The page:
Mary Gostelow visits Portugal’s Algarve Coast
Thomas Schoen, complex GM for Luxury Collection’s three hotels at Pine Cliffs Resort, eight kilometres east of Albufeira, is understandably happy that he is likely to close September 2017 at 90 percent occupancy. The whole of Portugal’s Algarve is extremely popular right now: Faro airport saw 2016 arrival up 18.5 percent over 2015, to 7.6 million, and this year, and next, should be even busier.
Pine Cliffs remains supreme in the area’s offerings. It was lovingly conceived, master-designed and expanded by a Kuwaiti entrepreneur, Jassim Al-Bahar, who saw this 29-hectare, pine-studded site clifftop above the Atlantic, and bought it. Over the years it has, now led by his son Talal Al-Bahar, expanded to a total of 733 units ranging from single rooms to three-room apartments. The three Luxury Collection properties are the doyen, 217-room Pine Cliffs Hotel, and, slightly younger, 155-unit Pine Cliffs Residences and the 2016-vintage top-end 150-unit Pine Cliffs Ocean Suites. I stayed in suite 401 at the far end of the Suites and it was totally gorgeous, almost Beverly Hills with no need for opulence because of the all-wall windows over big terraces to pines below, and blue ocean beyond.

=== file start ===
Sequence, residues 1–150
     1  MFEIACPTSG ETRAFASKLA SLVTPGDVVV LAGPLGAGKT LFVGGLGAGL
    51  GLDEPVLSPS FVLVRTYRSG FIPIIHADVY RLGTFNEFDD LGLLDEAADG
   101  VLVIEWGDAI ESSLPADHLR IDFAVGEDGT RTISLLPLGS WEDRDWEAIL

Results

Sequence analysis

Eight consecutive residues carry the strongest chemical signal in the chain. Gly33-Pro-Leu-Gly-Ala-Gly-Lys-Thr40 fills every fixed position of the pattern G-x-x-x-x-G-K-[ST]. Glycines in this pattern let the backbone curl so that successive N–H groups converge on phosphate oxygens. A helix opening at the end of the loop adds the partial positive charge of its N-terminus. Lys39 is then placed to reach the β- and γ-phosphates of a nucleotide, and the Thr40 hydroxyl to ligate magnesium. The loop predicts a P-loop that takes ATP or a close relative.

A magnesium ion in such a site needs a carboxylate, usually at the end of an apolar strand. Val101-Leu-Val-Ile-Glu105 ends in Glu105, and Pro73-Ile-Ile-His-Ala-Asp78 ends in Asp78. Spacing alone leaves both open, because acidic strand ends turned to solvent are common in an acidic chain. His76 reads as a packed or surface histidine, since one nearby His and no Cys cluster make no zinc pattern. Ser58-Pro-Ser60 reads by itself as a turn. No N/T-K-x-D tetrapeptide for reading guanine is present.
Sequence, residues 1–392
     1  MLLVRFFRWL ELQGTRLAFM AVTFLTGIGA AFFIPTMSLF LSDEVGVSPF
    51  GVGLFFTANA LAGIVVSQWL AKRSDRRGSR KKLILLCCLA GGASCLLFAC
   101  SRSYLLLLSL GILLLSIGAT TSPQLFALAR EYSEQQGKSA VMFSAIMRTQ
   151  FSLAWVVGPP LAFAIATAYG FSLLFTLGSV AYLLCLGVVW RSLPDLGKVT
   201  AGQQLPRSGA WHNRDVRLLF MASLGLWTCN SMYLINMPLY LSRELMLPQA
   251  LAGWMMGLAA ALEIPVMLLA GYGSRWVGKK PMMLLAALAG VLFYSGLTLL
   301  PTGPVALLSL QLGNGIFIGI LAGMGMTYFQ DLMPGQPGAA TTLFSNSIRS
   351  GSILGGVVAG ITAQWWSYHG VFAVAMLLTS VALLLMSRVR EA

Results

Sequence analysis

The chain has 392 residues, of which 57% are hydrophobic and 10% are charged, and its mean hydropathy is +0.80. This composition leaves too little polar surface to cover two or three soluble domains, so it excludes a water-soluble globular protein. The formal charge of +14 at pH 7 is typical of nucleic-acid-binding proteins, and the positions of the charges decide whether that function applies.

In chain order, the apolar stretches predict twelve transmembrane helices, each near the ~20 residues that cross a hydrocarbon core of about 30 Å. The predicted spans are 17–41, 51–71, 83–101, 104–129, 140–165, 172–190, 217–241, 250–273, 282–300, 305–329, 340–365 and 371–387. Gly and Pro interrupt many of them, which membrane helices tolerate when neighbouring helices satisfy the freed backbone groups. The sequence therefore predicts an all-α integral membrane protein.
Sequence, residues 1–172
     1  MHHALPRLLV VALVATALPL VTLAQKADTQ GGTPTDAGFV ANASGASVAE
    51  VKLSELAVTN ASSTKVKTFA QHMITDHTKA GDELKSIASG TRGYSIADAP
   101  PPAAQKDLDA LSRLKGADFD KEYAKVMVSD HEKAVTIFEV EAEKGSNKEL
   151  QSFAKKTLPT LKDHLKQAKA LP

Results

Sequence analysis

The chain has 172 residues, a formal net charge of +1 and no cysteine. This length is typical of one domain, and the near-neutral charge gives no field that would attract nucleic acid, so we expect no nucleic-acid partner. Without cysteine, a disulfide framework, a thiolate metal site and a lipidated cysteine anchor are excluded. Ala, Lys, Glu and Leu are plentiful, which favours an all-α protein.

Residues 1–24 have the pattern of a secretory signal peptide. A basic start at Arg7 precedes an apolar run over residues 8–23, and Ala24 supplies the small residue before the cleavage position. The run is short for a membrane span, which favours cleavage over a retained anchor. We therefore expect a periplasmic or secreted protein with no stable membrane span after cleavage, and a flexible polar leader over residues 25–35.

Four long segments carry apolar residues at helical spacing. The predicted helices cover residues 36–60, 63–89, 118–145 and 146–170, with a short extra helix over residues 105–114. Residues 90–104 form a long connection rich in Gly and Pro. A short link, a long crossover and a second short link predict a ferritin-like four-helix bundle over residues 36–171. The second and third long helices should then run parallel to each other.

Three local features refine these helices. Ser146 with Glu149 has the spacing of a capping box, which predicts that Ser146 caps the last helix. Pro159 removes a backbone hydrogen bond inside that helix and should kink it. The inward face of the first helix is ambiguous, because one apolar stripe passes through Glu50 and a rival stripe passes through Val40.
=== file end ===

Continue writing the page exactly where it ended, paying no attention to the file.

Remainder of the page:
Hugo, the charming head concierge, came in especially on a Sunday morning to drive me around the whole estate in a buggy, and we then went on to a tile tour. Yes, a TILE tour! Pine Cliffs Hotel is literally a gallery of Portugal’s gorgeous tiles, which apparently were copied from pictures made up of smaller tiles, in Spain. The Portuguese tile industry, sadly, is in decline – here, every one of the hotel’s bedrooms has a tile bedhead and there are 40 tile pictures, on corridor walls, showing regional dress around Portugal. All the tilework here came from C. Constancia, which has now gone out of business. At least the pieces that are here will not go out of use: the colours are baked in, forever, and being fixed to walls means they are not likely to get broken.
The facilities here are really outstanding, with a nine-hole golf course, an Annabel Croft tennis academy, a soccer field that sometimes hosts pop-up conference tents, lots of swimming pools, indoor and out, and masses of eating and drinking venues, plus a minimart for those who want to self-cater. My room – sorry, suite – had a Siemens kitchenette leading off the eight-seat dining end of the massive living room. Like all the units in this particular luxury hotel, and those in the Residences, it is owned, which means that the clever investor who bought suite 401 has 25 weeks a year of its use, for free. Go cruising for the other half of the year and you would not need a home anywhere else… and, when you are here, you have THE BEACH.
There are over 150 beautiful beaches to choose from in the region and Jassim Al-Bahar fell in love with one of the most breathtaking of the lot. An elevator can take you between beach and cliff top, but it is still 112 boardwalk steps from elevator base to the actual sand – if you forgo the elevator, as I did, and you have another 80 steps up to clifftop level. Down on the beach it is lazing-or-activity, all day long. There is also a beach-set café, run by Olivier, from Lisbon